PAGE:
Morris From America
Morris from America is not the kind of film that stays with you, but its central performances do.
High school teachers seem locked in time to us; we seem like part of a flowing stream to them. My teachers are frozen in the late 1950s, an innocent time when high school portals had quotations from Milton carved over the doorways, and no metal detectors. But to them, the Class of 1960 was one of 10, 20, 30 or more classes passing through their hands, and even though Coach Smith did assure us at our 10th reunion that "there was never another class like you," we had the suspicion that he said that at all the reunions.
Holland's Opus" tells the story of 30 years in the life of a high school
music teacher named Glenn Holland, who takes the job in the first place as a
temporary measure. His real work, he believes, is to compose music. Teaching is
just a way to pay some bills. He realizes only gradually that it is, in fact,
his destiny. (Like they say, "What you're doing instead of your real jobISyour real
As the movie opens, Holland (Richard Dreyfuss) and his wife Iris (Glenne Headly) are a couple fueled by his heady ambitions. He will be a great composer, of that he is sure, but then hard financial realities make him take the teaching job, where the hard-edged principal (Olympia Dukakis) looks him over sternly and reads him as a man for whom teaching has no seriousness.
God knows the school needs a music teacher. At his first meeting
with the high school orchestra, he finds they play badly. How badly? I didn't
recognize the first four notes of Beethoven's Fifth Symphony.
(By the end of the film, a successor to this orchestra has so improved that it sounds for all the world like a Hollywood recording stage filled with professional session musicians under the baton of Michael Kamen.)
Meanwhile, the Hollands have a baby, to Iris's delight and
somewhat more muted pleasure -- which turns to coldness when he discovers his son, named Cole, is deaf. Holland almost takes it as a personal affront that his son will not be able to hear the great opus that he still clings to as his ultimate vision.
Year follows year, and it is one of the pleasures of "Mr. Holland's Opus," like "Forrest Gump," that the characters live through many of the watershed events of three decades: The assassination of Kennedy, the war in Vietnam, the plague of drugs and school violence, and the cost-cutting measures that eventually eliminate programs like Mr. Holland's music classes. (The day American high schools admit that "electives" like music, art, and drama are as important as sports will be the day they value culture as much as entertainment for the alums.)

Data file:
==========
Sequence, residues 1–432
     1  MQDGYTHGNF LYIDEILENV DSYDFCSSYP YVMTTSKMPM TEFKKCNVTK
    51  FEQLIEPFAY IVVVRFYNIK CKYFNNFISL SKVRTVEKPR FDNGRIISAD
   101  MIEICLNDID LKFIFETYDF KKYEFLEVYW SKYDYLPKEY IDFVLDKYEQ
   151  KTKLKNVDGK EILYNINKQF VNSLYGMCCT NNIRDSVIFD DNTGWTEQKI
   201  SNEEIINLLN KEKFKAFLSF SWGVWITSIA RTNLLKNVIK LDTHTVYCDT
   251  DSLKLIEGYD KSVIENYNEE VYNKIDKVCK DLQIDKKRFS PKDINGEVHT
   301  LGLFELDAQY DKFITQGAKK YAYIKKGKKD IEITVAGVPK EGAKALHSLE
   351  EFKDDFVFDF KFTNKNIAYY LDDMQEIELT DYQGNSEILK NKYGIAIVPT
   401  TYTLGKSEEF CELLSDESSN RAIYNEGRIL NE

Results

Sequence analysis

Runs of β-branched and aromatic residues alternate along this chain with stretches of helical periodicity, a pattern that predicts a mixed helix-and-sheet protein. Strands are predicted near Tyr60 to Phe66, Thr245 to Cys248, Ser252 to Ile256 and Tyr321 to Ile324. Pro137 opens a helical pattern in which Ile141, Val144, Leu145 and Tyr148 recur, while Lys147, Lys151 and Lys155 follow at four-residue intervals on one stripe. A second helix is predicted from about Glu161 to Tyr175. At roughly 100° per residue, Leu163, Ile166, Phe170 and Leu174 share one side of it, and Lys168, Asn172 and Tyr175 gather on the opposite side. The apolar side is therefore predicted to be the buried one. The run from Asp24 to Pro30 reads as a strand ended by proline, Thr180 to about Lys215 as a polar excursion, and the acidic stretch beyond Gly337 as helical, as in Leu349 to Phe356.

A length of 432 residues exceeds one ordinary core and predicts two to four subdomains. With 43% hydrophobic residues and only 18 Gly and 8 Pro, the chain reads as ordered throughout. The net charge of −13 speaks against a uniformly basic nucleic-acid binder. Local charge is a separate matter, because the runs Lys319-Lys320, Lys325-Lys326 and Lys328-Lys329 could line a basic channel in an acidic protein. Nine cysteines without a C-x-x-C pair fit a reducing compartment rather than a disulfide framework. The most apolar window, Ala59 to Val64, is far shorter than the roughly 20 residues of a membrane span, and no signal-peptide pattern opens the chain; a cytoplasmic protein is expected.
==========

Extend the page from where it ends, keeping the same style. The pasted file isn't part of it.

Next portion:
teacher has his favorite students, and Mr. Holland has several. One is a
hopelessly untalented band member (Alicia Witt). Mr. Holland is not able to
make her talented, but he is able to restore her self-esteem, and she reappears
many years later as a woman who learned much more than music in his class.
Another is a beautiful and talented student (Jean Louisa Kelly), who has her
sights set on
show biz, and who falls in love with Mr. Holland, who must walk a delicate emotional tightrope with an end not always in sight.
Although much of the movie involves Mr. Holland helping his students to mature, the character of the son, Cole, provides acounterpoint: A way for Mr. Holland to grow up, too, and accept bothhis son and his life. Some of them scenes between them are painful, and a later scene, where Mr. Holland sings John Lennon's "Beautiful Boy" to Cole, is very moving.
Richard Dreyfuss, who is sometimes too exuberant, here finds theright tones for Mr. Holland, from youthful cocksureness to the gentleinsight of age. His physical transformations over 30 years are alwaysconvincing. Glenne Headly has a more thankless role as his wife, but watch her handle the scene where she suddenly sees something she had not suspected, and intuitively knows how to deal with it. The supporting cast is all strong, especially Jay Thomas as the football coach who becomes Holland's lifelong friend.
this film, falling into its rhythm, appreciating its sweep, I could not help
but remember my own high school teachers. Sitting here at the keyboard, I began
a list of their names, only to realize that you have your own list. Amazing,
how clearly I remember their excellence, and their patience. One anecdote will
Hynes, who taught us Shakespeare, always addressed us as "Mr." and "Miss," as a college teacher would do, and somehow that brought a greater seriousness to "Macbeth" and "Julius Caesar," which were uncharted new worlds for us. Modifying the curriculum to make it more "contemporary" and "relevant" is doing an injustice to students, whose lives will become relevant to the exact degree that high school encourages them to outgrow themselves, and escape from the contemporary into the timeless. Mr. Hynes knew that. So does "Mr. Holland's Opus."
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